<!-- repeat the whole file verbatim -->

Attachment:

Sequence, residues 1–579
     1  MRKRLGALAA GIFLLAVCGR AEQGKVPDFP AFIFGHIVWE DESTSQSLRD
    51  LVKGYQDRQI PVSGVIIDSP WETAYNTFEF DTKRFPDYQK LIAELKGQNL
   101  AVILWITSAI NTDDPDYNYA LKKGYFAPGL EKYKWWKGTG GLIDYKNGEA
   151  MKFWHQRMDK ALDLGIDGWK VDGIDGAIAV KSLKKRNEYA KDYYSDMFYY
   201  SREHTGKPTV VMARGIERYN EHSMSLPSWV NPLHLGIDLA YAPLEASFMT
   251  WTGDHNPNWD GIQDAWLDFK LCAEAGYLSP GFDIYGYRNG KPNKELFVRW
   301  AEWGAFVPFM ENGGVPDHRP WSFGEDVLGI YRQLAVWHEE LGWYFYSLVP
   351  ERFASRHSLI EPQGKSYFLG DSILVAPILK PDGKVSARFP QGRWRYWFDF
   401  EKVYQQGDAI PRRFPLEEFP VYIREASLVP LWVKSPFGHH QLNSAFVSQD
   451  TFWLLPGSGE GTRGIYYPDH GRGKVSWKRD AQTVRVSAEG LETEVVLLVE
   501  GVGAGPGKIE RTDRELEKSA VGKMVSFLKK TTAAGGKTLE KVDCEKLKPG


Sequence, residues 1–579
     1  MRKRLGALAA GIFLLAVCGR AEQGKVPDFP AFIFGHIVWE DESTSQSLRD
    51  LVKGYQDRQI PVSGVIIDSP WETAYNTFEF DTKRFPDYQK LIAELKGQNL
   101  AVILWITSAI NTDDPDYNYA LKKGYFAPGL EKYKWWKGTG GLIDYKNGEA
   151  MKFWHQRMDK ALDLGIDGWK VDGIDGAIAV KSLKKRNEYA KDYYSDMFYY
   201  SREHTGKPTV VMARGIERYN EHSMSLPSWV NPLHLGIDLA YAPLEASFMT
   251  WTGDHNPNWD GIQDAWLDFK LCAEAGYLSP GFDIYGYRNG KPNKELFVRW
   301  AEWGAFVPFM ENGGVPDHRP WSFGEDVLGI YRQLAVWHEE LGWYFYSLVP
   351  ERFASRHSLI EPQGKSYFLG DSILVAPILK PDGKVSARFP QGRWRYWFDF
   401  EKVYQQGDAI PRRFPLEEFP VYIREASLVP LWVKSPFGHH QLNSAFVSQD
   451  TFWLLPGSGE GTRGIYYPDH GRGKVSWKRD AQTVRVSAEG LETEVVLLVE
   501  GVGAGPGKIE RTDRELEKSA VGKMVSFLKK TTAAGGKTLE KVDCEKLKPG